Shop Direct’s move to protect the Woolies brand – Wellworth the bad press?
Last week’s news that the celebrated Wellworths store, in Dorchester, is being forced to change its name by Shop Direct reignites one of the most interesting threads to emerge from Woolworths’ collapse – the battle for the good bits of Woolies’ legacy.
The gist of this latest development is that Shop Direct – who, you’ll remember, bought the Woolworths brand from the administrators following the retailer’s collapse – was apparently content for Wellworths to keep its current name, provided that the business curtailed any expansion plans.
According to Wellworths’ statement, Shop Direct “initially supported the opening of the former Woolworths store in Dorchester as Wellworths, but then sought an agreement which would place limits on the growth of the business under the Wellworths name.”
It continues: “Regretfully, rather than accept those limits, Wellworths have decided to replace the Wellworths name with Wellchester over the course of the next two years.”
Inevitably, the ‘well worth the money’ tagline will have to go too, with trade mark details on the Intellectual Property Office (IPO) website suggesting that it will be replaced with (the admittedly rather bland) ‘something for everyone.’ If one is being critical, it’s also fair to ask whether Wellchester – a name so obviously associated with the retailer’s place of origin – is the best brand for rolling out to other parts of the country. Still, the fact that the new name can still be abbreviated to ‘Wellies’ was surely part of the thinking behind it.
No-one disputes that Shop Direct, like any other business, is entitled to protect its brand – but at what price? Time will tell whether the benefits of its actions outweigh what seems to be the overwhelmingly negative reaction from both the media and the public.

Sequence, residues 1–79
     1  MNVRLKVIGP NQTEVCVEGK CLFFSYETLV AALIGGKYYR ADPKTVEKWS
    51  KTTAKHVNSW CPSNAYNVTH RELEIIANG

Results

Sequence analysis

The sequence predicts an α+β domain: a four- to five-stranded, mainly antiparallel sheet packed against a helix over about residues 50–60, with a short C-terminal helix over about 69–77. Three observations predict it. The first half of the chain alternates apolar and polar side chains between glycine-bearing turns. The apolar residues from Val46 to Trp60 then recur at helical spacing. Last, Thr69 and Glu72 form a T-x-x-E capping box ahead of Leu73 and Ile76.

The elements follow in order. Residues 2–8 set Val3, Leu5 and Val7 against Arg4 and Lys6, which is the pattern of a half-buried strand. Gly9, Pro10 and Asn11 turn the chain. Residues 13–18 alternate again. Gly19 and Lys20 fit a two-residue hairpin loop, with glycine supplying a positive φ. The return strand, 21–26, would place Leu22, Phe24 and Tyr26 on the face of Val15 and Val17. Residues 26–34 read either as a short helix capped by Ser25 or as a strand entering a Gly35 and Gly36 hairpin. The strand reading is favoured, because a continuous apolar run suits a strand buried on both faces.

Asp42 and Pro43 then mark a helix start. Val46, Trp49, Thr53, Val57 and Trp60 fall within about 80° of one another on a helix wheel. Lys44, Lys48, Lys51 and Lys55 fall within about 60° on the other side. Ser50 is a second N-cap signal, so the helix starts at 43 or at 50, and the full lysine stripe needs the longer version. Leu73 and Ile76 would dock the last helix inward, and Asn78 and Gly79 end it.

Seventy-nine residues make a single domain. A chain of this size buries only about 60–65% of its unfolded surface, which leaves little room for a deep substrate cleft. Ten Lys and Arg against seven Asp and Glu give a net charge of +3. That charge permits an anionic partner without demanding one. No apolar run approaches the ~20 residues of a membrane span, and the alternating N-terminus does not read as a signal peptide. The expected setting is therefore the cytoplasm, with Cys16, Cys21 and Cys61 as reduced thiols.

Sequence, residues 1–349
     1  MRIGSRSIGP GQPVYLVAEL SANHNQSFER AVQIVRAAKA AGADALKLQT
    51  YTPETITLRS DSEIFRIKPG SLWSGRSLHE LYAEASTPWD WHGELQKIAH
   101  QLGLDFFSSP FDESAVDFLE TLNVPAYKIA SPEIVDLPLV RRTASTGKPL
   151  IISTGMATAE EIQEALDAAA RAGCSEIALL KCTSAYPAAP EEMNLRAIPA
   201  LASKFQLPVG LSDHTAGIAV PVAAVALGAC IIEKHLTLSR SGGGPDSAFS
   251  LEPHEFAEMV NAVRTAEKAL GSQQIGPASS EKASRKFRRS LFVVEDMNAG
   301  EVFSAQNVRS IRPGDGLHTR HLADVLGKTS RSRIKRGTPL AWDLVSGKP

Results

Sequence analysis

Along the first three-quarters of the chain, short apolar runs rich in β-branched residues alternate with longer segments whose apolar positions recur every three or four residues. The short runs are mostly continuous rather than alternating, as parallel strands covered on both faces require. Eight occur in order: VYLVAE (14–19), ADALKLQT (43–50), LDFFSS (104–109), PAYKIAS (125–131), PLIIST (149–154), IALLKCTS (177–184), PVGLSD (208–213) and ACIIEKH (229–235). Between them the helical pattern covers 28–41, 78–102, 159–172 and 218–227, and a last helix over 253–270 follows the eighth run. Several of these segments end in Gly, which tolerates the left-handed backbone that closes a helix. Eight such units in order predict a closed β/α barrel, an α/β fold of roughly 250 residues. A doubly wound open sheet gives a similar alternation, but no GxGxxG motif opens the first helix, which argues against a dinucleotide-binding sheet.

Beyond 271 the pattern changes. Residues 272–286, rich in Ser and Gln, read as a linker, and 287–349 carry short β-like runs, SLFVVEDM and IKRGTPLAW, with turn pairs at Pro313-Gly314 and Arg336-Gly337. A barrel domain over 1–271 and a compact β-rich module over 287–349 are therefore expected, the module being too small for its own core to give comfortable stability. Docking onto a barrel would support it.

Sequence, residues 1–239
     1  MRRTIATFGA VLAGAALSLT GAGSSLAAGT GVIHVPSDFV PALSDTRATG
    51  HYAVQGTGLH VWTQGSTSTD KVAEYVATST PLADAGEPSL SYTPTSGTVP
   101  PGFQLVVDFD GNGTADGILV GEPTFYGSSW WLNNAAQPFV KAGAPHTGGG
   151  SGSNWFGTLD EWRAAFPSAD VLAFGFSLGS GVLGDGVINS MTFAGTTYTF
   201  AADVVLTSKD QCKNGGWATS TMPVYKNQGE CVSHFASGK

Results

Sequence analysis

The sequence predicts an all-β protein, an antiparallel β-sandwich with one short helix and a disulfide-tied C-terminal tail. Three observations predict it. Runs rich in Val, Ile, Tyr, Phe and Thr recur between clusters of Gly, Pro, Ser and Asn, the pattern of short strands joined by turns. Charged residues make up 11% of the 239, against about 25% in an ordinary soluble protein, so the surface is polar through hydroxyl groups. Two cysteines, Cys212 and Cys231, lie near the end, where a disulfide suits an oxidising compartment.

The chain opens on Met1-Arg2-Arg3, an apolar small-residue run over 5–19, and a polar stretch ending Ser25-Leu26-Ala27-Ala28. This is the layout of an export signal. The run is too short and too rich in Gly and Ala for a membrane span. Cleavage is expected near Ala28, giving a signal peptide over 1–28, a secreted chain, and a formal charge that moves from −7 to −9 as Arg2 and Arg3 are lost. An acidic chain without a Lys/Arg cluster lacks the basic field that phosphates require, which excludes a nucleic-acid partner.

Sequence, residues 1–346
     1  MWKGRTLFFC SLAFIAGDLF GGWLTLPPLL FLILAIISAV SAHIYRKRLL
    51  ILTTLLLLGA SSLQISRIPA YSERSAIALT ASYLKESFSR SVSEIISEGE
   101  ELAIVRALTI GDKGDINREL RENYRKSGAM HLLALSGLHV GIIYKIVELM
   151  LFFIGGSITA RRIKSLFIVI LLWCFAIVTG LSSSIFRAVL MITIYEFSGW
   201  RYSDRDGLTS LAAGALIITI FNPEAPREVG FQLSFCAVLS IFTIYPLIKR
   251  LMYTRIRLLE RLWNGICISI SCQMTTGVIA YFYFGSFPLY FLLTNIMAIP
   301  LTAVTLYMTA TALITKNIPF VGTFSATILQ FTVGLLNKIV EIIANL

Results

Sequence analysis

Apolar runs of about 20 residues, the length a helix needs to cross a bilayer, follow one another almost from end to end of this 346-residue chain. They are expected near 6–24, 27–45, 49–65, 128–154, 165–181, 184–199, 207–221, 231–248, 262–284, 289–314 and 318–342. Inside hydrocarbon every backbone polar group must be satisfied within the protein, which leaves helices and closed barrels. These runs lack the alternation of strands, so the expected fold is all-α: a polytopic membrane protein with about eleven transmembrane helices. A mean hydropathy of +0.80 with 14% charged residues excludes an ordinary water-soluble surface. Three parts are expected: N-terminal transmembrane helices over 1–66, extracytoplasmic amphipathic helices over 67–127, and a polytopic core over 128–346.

Writing on Twitter, for example, the editor of industry bible Retail Week remarked that “Shop Direct are idiots for making Wellworths change its name”, describing the move as “astonishingly petty.” His colleague, George MacDonald, agreed, branding the move “heavy-handed.”
Other Twitterers, such as dorset_flickr, voiced similar views, remarking how it was “interesting that such [a] big company feels so threatened by [a] name that isn’t [the] same – obviously Wellworths could go places.” Comments about Shop Direct’s actions on the Dorset Echo website have been similarly uncharitable, with the words “petty” and “heavy-handed” consistently used.
All this reaction matters, because these are the same people who will determine the success – or not – of Shop Direct’s own Woolworths.co.uk operation. Merely owning the Woolies name isn’t enough – Shop Direct needs to understand the heritage of the brand that it’s acquired, and to harness the goodwill that used to be associated with that name. Without that magic, the business is just Littlewoods with a different label.
Perhaps the nub of the issue is that Wellworths and the other fledgling ‘son of Woolies’ enterprises, such as Alworths and Smallworths, seem to have understand what people most liked about Woolies, and have embraced those cherished values of friendliness, warmth and convenience on the high street – values, indeed, that are challenging to replicate in an entirely online operation, however much pic ‘n’ mix you’re able to send out by City Link.
Instead of Shop Direct fighting battles for Woolies’ legacy – and Alworths MD, Andy Latham, is understandably coy about what the Wellworths decision might mean for his own chain – it could do worse than learn from the successes of its not-quite-namesakes.